The U.S. cattle industry generated more than $100 billion in farm cash receipts in 2016, representing the largest agricultural sector. Despite cattle’s economic importance, scientists still have a long way to go to fully understand mechanisms that govern important genetic traits in the animals, such as growth and disease resistance, according to an announcement from the University of California-Davis (UC-Davis).
The U.S. Department of Agriculture’s National Institute of Food & Agriculture has awarded UC-Davis $2.5 million over four years for a national cow genomics project. The research effort aims to allow the cattle industry to use genetics more efficiently to predict the traits their herds possess, the university said.
The bovine genome was first sequenced in 2009 and was one of the largest genomes ever sequenced.
“We have the code of the cow’s genome, but we don’t know what it means,” said Pablo Ross, an associate professor in the department of animal science at the UC-Davis College of Agricultural & Environmental Sciences. He will lead the efforts and serve as project director.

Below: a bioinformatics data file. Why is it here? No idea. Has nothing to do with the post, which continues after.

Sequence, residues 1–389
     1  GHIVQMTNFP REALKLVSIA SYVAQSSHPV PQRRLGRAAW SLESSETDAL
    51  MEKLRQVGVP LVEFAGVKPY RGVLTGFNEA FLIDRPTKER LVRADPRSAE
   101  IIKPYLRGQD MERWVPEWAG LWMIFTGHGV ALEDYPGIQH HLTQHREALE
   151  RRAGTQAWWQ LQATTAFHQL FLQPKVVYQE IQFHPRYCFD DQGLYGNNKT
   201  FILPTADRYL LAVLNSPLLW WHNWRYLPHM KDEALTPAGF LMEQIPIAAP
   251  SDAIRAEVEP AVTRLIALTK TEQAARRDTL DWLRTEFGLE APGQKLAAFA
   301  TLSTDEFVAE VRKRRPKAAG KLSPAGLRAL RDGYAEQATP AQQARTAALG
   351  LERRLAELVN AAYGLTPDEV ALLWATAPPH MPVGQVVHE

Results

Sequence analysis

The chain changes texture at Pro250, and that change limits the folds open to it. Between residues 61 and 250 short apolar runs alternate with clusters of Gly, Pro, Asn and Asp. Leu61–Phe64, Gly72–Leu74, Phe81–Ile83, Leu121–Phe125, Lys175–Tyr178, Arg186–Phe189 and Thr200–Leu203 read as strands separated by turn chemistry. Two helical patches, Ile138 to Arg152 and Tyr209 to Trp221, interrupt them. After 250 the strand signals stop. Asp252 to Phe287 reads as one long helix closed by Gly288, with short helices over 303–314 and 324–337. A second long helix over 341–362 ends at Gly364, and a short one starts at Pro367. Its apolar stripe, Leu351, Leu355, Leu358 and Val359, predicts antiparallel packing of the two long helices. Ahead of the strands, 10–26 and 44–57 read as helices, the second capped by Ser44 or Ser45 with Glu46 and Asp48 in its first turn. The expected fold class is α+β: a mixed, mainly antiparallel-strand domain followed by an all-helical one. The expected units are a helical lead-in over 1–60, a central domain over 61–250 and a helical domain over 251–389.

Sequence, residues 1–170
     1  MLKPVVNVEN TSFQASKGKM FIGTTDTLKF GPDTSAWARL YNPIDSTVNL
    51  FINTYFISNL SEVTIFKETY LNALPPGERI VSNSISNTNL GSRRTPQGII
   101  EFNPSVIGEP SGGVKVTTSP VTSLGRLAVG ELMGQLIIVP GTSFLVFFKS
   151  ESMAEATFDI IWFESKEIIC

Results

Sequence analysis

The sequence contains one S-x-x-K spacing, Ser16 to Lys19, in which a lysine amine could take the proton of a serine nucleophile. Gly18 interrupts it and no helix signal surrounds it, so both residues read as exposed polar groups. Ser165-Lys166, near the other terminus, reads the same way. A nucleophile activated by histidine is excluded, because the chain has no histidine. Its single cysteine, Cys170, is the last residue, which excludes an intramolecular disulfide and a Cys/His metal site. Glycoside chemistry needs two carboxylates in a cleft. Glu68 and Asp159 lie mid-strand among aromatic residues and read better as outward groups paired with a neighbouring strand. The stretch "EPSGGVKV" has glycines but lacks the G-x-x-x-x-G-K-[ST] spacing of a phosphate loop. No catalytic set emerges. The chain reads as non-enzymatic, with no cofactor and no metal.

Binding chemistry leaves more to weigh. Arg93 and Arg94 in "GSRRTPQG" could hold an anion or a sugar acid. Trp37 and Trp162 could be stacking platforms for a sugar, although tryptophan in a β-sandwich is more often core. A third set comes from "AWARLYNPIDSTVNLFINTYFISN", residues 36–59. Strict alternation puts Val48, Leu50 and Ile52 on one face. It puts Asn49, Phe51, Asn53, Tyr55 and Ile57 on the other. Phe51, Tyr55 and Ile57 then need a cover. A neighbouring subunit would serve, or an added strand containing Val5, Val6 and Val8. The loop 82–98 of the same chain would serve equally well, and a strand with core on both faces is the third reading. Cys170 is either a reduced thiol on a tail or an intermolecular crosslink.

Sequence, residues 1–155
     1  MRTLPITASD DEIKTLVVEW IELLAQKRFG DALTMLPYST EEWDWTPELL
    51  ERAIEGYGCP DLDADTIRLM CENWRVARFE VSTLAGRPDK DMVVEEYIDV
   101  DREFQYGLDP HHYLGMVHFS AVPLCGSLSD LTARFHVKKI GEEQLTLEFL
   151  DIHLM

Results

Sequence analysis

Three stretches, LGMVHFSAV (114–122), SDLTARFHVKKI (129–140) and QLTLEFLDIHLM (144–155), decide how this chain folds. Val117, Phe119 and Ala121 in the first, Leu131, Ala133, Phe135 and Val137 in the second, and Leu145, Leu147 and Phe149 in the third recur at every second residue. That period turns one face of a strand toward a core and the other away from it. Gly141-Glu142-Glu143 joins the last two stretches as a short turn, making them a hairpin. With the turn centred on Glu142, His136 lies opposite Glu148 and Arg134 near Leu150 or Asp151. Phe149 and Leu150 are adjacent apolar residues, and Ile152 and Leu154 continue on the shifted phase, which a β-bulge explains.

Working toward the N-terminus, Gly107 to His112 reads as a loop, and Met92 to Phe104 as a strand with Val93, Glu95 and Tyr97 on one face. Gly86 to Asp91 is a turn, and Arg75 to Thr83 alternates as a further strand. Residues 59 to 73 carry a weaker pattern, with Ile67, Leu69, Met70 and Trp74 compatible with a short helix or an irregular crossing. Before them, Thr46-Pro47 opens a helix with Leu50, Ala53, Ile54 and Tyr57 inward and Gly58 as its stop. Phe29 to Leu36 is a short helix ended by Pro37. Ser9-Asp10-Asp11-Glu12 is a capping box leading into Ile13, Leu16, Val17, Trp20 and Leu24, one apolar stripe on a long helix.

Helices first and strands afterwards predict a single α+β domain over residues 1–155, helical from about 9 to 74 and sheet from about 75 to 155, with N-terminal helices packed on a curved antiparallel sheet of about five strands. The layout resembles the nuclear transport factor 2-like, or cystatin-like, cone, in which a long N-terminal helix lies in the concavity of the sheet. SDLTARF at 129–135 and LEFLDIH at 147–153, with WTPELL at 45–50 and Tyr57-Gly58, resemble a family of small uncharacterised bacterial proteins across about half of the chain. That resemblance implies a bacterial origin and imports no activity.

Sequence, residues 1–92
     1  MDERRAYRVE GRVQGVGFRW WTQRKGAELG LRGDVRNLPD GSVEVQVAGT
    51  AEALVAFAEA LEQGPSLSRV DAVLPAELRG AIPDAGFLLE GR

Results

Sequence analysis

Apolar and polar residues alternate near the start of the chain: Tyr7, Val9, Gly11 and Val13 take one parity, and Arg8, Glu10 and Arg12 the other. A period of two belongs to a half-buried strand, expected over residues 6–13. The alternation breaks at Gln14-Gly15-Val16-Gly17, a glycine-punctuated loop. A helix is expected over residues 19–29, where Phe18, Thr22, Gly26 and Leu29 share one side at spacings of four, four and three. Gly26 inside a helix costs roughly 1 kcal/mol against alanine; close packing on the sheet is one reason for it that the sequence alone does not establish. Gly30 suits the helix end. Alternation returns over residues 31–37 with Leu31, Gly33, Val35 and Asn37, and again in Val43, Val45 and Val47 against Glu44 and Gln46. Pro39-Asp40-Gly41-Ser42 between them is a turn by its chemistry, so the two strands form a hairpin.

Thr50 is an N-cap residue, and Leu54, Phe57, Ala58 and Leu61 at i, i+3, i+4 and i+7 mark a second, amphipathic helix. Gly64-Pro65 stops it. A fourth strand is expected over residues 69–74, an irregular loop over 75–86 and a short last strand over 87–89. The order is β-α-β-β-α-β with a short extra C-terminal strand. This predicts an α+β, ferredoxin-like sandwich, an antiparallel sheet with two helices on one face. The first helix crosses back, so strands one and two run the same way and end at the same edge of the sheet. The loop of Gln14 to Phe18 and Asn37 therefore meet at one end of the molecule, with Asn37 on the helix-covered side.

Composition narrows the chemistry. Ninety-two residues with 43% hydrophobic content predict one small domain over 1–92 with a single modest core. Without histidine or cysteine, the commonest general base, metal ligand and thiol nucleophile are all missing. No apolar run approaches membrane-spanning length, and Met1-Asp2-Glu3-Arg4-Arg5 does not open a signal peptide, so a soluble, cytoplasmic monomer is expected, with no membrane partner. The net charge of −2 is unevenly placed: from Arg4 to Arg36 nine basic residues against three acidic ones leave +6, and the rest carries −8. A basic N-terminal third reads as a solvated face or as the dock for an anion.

“This project is like genome sequencing 2.0,” Ross said. “The goal is to identify the functional elements of the cow’s genome.” Understanding that information could open the door to improvements in genetic selection, which could lead to healthier, more productive livestock.
Several universities are involved in the project, including Virginia Tech, Texas A&M University, Iowa State University, Washington State University, Pennsylvania State University, University of Idaho, Colorado State University and University of Vermont.
The grant is one portion of a $6 million grant USDA awarded to create three functional genomics projects. In addition to the UC-Davis-led project for cattle genomics, USDA awarded grants for swine genomics at Iowa State University and chicken genomics at the Western University of Health Sciences in Pomona, Cal.